Both Brandon’s focus in his self-descriptions on whether he had had “the operation” — of course, that term has always phallocentrically stood for more than one potential operation — and my own focus on the matter reflect a belief of the early Nineties: that trans meant (solely) “surgically altering your body to align with your gender identity.” Both society at large and many leading trans activists of the time saw trans as a matter of being transsexual, i.e. surgically transitioning to “the” other gender, not today’s activists’ wider definition that seeks to embrace all who experience misalignment between their gendered bodies and their felt gender identities.
Of course, a gorgeous plethora of felt gender identities have emerged in the years since — genderqueer, nonbinary, gender-nonconforming, bigender, agender — that were unavailable to Brandon. Where I went wrong was to deny transness as a real possibility for who Brandon would have become — and, in fact, the possibility he mentioned most often in the later years of his life, and the way in which he most consistently told his intimates he wanted to be seen.
One aspect of my piece that greatly angered both trans men and stone butches was my claim that Brandon experienced enormous sexual “frustration,” or a terrible diminishment of pleasure, because, as reported by his lovers, he chose never to be touched on his vagina or his breasts.
Why did I assume this, besides transphobic ignorance? In brief, I was projecting. Reader, I was sexually abused as a child, and I at certain points in my life have identified with stone butches because the intensity of genital sensations was too painfully overwhelming for me to want or be able to continue to experience genital touching. For a chunk of my life, I was greatly frustrated, I was resentful about what I experienced as diminished pleasure, and I projected this frustration and resentment onto Brandon.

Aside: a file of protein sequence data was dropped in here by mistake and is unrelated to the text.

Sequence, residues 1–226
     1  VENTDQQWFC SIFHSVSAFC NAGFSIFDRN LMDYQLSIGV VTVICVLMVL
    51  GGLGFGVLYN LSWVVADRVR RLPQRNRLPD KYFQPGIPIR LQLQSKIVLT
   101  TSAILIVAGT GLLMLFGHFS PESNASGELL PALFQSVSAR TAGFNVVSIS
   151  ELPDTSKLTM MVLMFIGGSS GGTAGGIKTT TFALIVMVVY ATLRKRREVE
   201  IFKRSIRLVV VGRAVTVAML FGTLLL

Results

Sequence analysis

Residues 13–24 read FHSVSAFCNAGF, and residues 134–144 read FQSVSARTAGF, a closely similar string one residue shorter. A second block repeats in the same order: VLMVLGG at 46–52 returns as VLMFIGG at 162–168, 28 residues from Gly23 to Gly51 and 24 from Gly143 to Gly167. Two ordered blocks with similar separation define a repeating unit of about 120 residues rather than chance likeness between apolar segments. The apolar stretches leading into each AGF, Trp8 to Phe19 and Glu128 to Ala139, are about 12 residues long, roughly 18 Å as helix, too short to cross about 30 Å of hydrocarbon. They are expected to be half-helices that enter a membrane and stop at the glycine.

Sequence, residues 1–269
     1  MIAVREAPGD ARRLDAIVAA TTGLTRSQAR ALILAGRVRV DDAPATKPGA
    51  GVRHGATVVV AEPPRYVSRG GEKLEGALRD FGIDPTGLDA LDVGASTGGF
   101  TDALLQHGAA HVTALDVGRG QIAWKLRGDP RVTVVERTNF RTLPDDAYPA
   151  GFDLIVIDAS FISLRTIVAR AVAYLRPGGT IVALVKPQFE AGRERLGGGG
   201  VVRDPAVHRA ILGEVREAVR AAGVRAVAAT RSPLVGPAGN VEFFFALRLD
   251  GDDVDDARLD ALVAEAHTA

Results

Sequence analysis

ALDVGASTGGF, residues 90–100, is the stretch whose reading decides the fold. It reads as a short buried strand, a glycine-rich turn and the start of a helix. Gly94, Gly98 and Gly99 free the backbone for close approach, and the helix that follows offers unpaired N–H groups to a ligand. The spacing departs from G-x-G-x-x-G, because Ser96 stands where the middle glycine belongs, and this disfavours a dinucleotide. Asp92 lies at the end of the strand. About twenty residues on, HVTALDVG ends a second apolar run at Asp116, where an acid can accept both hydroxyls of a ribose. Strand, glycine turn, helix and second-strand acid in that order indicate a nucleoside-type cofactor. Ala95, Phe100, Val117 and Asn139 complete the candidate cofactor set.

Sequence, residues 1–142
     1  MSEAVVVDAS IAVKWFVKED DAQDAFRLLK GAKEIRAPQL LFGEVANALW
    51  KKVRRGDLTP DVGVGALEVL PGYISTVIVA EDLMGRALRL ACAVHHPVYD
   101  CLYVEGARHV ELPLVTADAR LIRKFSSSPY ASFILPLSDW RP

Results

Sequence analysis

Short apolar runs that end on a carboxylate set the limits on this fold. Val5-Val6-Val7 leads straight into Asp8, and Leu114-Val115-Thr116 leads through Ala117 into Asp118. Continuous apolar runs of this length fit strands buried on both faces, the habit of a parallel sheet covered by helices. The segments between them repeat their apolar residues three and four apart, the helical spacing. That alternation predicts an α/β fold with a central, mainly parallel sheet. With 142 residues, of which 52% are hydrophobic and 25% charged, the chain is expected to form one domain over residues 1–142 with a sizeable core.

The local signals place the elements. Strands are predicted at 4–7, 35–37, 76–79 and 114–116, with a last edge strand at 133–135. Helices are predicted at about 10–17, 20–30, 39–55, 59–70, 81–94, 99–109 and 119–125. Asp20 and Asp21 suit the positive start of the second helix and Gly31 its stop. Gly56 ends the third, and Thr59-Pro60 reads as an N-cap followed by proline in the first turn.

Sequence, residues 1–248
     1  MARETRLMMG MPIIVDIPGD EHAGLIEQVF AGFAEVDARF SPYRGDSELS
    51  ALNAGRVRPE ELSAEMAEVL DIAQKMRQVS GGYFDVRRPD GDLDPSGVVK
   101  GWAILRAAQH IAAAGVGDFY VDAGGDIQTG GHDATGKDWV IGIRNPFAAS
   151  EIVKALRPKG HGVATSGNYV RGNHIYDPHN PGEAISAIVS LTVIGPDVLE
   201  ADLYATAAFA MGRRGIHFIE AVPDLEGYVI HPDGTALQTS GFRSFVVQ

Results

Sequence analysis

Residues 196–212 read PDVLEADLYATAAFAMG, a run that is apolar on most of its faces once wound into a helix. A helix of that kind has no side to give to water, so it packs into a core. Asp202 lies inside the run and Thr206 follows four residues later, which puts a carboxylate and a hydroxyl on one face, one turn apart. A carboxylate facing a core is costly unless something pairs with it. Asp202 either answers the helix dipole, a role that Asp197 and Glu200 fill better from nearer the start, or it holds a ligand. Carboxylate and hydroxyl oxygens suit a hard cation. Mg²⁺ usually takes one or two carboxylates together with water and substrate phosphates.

Obviously, I also projected my own experience of sexual abuse onto his, and used it to concoct my own biased theory of trans origins.
(In fairness, Brandon did “give without getting” in myriad ways, insisting on doing every single bit of housework for his girlfriends and showering them and his friends and family with extravagant and expensive gifts he could not actually afford. There does seem to have been some resentment — or at least ambivalence — operating in the fact that he often paid for these presents by fraudulently charging them to the recipients’ own credit cards, or by forging their checks. Brandon, who had charmed Lana by giving her a stuffed black bear, once asked that she hand over her family’s rent money to pay bail for him. But I did not have any grounds in my reporting to apply this to his sexual practice and experience, nor is there any evidence that trans men as a group feel resentful about the kinds of sex they have.)
Where this matter comes most importantly into play is in the piece’s ending. How it originally ended was bad enough:
Brandon had to go to Humboldt because everyone who loved her in Lincoln was finally too infuriated with her, whether she’d stolen their love or taken the money that they needed to live. The frustration she had felt for so long had finally frustrated others, and the fury she could not express was ultimately expressed on her.
Enter a man (a cis one). My editor, Richard, had encouraged the development of my “frustration theory” by suggesting (according to my notes from an editing session) that what I should emphasize in the story was that “everything she did to protect herself put her in more danger.” I came to agree — though I now think that that theory was bogus as well. The terribly mistaken idea operating here was that living as a man was something that Brandon did to protect himself from the “danger” of living as a lesbian — not something he did because he was a man.